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A Review of Promoting Functional Communication Within the Home

This month’s ASAT feature is a review of Promoting Functional Communication Within The Home ( Bondy, A., Horton, C. & Frost, L.) by Kaitlyn Evoy, BA, and  David Celiberti, PhD, BCBA-D. To learn more about ASAT, please visit their website at www.asatonline.org. You can also sign up for ASAT’s free newsletter, Science in Autism Treatment, and like them on Facebook!

The ongoing COVID-19 pandemic has created an abrupt and enduring disruption to the educational programs of countless children with autism spectrum disorders (ASD) and with little preparation, placed parents in a primary instructional role. For any number of circumstances, such as outbreaks in their communities, parents are often required to assume or resume this role. We applaud Andy Bondy, Catherine Horton, and Lori Frost for writing this comprehensive and useful article at a time when so many were struggling with creating meaningful experiences for our learners and their families. To put the authors’ swift effort in perspective, their article was published online on May 12, 2020 and was accessible in PDF form at no cost to the reader. The authors purposefully used language to promote understanding by all readers by removing unnecessary jargon, using abundant practical examples, and explaining complex concepts in accessible ways.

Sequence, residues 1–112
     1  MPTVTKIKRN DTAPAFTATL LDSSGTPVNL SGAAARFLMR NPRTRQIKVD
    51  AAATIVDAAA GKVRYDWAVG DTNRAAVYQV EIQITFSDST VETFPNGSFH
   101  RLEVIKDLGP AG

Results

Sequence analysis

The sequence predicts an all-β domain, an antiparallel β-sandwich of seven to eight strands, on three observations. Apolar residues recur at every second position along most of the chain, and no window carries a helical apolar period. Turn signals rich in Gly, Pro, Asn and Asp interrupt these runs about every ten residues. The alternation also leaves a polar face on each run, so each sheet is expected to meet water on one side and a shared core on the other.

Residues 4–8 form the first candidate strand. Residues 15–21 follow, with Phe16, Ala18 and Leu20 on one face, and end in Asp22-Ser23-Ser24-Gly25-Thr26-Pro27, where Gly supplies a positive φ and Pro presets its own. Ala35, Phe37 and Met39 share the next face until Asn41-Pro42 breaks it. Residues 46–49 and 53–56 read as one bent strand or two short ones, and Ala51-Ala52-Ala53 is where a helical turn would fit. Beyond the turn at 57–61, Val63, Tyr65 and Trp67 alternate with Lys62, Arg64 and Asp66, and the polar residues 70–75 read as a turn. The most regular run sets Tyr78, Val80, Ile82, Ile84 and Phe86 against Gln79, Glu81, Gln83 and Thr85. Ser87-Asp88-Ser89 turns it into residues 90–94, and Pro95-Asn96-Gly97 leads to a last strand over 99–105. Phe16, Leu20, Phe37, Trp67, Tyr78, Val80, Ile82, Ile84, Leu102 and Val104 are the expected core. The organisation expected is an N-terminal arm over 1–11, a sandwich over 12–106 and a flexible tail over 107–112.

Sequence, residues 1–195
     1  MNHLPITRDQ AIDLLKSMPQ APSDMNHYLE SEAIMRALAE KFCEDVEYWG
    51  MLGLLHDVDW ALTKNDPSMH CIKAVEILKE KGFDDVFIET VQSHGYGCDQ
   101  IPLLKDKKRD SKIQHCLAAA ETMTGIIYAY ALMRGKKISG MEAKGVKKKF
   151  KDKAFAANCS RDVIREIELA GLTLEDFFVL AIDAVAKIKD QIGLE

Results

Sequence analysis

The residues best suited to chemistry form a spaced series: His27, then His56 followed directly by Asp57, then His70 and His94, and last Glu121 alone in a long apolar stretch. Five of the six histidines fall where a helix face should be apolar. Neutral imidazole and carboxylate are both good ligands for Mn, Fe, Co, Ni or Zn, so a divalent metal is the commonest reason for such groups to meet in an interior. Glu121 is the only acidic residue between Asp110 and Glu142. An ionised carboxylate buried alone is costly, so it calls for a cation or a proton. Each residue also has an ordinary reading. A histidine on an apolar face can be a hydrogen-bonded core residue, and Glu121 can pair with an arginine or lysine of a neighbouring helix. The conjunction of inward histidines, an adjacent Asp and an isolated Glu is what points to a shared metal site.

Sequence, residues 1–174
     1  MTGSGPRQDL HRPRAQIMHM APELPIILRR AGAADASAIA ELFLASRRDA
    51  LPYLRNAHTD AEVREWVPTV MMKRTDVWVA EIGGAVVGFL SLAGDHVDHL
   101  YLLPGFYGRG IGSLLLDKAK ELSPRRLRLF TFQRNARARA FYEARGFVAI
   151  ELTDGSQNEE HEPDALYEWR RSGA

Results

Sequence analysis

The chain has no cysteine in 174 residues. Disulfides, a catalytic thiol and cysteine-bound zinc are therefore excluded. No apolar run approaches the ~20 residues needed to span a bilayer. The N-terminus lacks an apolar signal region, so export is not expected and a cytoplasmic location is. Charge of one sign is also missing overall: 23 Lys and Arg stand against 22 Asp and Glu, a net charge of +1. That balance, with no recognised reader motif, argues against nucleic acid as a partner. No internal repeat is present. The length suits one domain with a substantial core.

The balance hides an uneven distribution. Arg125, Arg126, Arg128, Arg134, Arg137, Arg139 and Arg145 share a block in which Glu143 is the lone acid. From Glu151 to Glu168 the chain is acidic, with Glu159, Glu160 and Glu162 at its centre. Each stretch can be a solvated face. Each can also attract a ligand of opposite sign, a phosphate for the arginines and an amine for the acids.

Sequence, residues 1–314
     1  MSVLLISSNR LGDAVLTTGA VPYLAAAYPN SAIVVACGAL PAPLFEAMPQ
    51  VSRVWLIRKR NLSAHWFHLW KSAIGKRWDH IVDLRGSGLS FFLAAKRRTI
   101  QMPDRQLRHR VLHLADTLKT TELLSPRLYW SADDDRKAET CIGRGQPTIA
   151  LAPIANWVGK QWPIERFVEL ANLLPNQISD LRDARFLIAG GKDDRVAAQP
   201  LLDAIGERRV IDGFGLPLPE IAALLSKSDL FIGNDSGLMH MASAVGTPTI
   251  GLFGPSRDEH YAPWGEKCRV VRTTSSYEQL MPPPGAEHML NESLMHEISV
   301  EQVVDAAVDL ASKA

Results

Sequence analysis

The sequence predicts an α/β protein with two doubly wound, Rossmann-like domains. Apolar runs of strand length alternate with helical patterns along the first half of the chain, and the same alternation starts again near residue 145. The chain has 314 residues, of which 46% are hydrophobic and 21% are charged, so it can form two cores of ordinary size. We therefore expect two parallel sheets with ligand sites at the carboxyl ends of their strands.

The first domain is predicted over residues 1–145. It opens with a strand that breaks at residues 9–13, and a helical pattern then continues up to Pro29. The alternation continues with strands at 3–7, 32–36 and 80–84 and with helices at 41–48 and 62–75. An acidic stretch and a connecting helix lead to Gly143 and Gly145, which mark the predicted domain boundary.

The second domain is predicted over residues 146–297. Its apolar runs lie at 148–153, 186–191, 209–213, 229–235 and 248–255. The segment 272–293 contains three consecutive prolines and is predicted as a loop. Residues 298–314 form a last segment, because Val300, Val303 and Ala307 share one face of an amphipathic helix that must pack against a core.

These authors highlight nine critical communication skills as a response to the COVID-19 crisis and the subsequent increased time children were/are spending at home. These critical communication skills encompass both speaker and listener roles and were highlighted because of their relevance and necessity for everyday functioning.  Furthermore, helping children to use these skills reliably and competently may lessen frustration and reduce or eliminate the need to engage in other ways to get those needs met (e.g., challenging behaviors).

The authors describe and elaborate upon each of the nine skill areas. The summaries include the rationale for prioritizing that skill, useful teaching strategies, commonly faced problems, and possible solutions. The article reviews the process for assessing current performance levels for the nine skills and offers tips to caregivers through this effort. For assessment of present levels, a checklist is provided with specific examples of phrases and/or subcategories. For example, the authors separated “request reinforcers” into edibles, toys, and activities. The skill of responding to directions is broken down into the two distinct areas of visual and oral directions. Authors elaborate on these two areas and provide examples for each (i.e., “come here,” “stop,” and “sit down” for oral directions). The tips given to parents and other caregivers include prioritizing activities and routines that are of the highest need for an increase in functional communication and using these core areas as a basis for overall instruction. In short, the authors emphasize targeting most immediate needs as a means to improve overall communication skills.

Nine Critical Communication Skills